Street crime in Dublin claims another victim
Last Sunday afternoon I became another statistic in the growing wave of crime sweeping tsunami-like through this fair city. I was mugged.
Now the amount was small, a mere 60 cents, and I suffered no injuries except to my pride, thanks be to God, but it was the brazen and blatant manner in which I was parted from my hard earned spondulicks that concerns me.
Not a care in the world, I was heading into town to claim a seat in my favourite hostelry for the Liverpool Arsenal game. I waited for my bus and when it arrived I jumped on board, my one and half Euro fare clenched in my hot little hand. "1.55, please" I said politely to the driver. He smiled back at me and issued my ticket.
My suspicions should have been raised on the spot, since smiling amongst Dublin bus drivers is something that occurs about as often as Halley's comet and is usually only occasioned by some dark and preferably painful misfortune befalling a passenger or other road user.
As I proceeded to my seat, I noticed a tattered black and white notice sellotaped just to the rear of the driver's cab. It announced the institution of a flat fare rate of 95 cents for all journeys made on Sundays in November. I knew nothing about this act of beneficence on the part of Bus Átha Cliath but the driver should have. I looked at my ticket. Instead of the 1.55 I had paid, it showed the flat fare of 95 cents. Clearly he did know and in the interests of reducing next year's subvention decided not to share the secret with me.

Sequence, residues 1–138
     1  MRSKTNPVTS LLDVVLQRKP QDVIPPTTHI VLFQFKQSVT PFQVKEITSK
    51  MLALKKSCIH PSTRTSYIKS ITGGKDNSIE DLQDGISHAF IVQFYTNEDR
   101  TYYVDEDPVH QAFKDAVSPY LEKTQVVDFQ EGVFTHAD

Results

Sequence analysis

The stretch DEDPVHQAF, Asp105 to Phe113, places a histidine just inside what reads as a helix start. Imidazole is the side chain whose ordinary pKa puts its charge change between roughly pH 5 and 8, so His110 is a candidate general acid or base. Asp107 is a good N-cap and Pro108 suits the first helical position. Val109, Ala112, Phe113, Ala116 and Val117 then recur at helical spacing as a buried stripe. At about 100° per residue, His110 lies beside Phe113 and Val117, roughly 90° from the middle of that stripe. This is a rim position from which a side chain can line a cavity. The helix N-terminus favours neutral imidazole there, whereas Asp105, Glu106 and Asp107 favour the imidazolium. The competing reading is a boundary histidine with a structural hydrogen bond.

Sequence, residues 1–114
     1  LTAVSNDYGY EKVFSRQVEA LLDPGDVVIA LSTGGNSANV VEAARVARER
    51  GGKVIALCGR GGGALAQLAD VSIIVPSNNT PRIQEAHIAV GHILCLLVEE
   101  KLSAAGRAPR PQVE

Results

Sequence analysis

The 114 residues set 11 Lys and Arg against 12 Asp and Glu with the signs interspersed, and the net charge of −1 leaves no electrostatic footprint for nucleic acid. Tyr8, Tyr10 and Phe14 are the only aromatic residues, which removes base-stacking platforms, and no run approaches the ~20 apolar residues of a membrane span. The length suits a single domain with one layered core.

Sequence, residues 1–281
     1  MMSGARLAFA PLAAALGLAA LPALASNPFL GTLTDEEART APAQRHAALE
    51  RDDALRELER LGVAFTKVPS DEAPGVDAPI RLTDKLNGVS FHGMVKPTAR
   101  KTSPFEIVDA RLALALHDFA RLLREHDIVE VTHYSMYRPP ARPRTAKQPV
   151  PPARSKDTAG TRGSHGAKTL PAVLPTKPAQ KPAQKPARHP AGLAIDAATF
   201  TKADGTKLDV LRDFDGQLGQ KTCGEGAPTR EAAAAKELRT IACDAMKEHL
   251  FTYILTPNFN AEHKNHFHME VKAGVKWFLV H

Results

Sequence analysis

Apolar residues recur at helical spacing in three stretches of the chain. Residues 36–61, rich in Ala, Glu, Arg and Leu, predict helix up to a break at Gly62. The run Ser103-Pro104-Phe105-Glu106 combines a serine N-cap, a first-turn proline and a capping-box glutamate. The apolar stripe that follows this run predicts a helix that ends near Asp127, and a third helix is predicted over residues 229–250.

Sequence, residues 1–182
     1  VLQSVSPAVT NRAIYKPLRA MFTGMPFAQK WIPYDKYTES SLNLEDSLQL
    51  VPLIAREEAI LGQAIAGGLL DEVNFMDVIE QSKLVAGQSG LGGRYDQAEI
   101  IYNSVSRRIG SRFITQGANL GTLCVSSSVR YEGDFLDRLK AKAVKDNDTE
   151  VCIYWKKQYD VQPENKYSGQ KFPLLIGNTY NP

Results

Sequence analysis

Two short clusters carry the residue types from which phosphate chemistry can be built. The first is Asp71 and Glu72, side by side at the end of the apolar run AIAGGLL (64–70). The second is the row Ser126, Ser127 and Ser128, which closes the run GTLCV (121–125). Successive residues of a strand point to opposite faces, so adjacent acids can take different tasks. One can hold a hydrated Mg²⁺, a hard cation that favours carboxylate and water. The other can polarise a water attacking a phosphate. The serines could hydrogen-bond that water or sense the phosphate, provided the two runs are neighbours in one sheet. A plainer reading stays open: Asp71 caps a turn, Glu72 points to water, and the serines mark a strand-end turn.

A Dublin highwayman makes good his escape
Now for those of you unfamiliar with the system on Dublin buses, all fares are deposited in a strongbox attached to the driver's cab. The drivers themselves do not handle cash or give change. If you don't have the exact fare and you're lucky enough to have a driver who can be arsed, the excess will be marked on your ticket and you can redeem the few cents you've overpaid by waiting for 3 days in the queue that snakes along O'Connell St out of the doors of Dublin Bus Headquarters.
Nor do they accept notes. This a source of much amusement to bus crews and native passengers alike at Dublin airport when a gang of Italian language students laden with handmade leather cases and designer rucksacks attempt to pay their collective fare in paper Euros on the number 16 to Harold's Cross. They get on in a playful and noisy flurry of bag stacking and then, having been peremptorily dismissed by their putative chauffeur, they slink off in a symptomatically Latin sulk, muttering about omerta and vendetta and such like. Céad Míle Fáilte, me arse. That'll teach 'em to be more stylish and better footballers than us, wha?
Anyway, like most victims of crime, my traumatic experience has left me with certain questions apart from 'why me,Lord?' I can't have been the only one who didn't know about the reduction and paid the normal fare nor can I be the only one whose refund stubs never get redeemed because by the time I get off the bus my ticket looks like it has been ill-used in a group orgy of origami practitioners.
So what happens to the dosh, boss? Does it go into some secret slush fund used to train bus drivers in advanced techniques of sullenness, stunt driving and general misanthropy? Are Dublin Bus executives dining out in expensive restaurants and leaving their tips on the table in neatly stacked piles of 5 and 10 cent coins? Does it pay for the fine tuning of braking systems which can bounce a pensioner the length of the lower deck with the merest twitch of driver's right foot?
The public should be told.....
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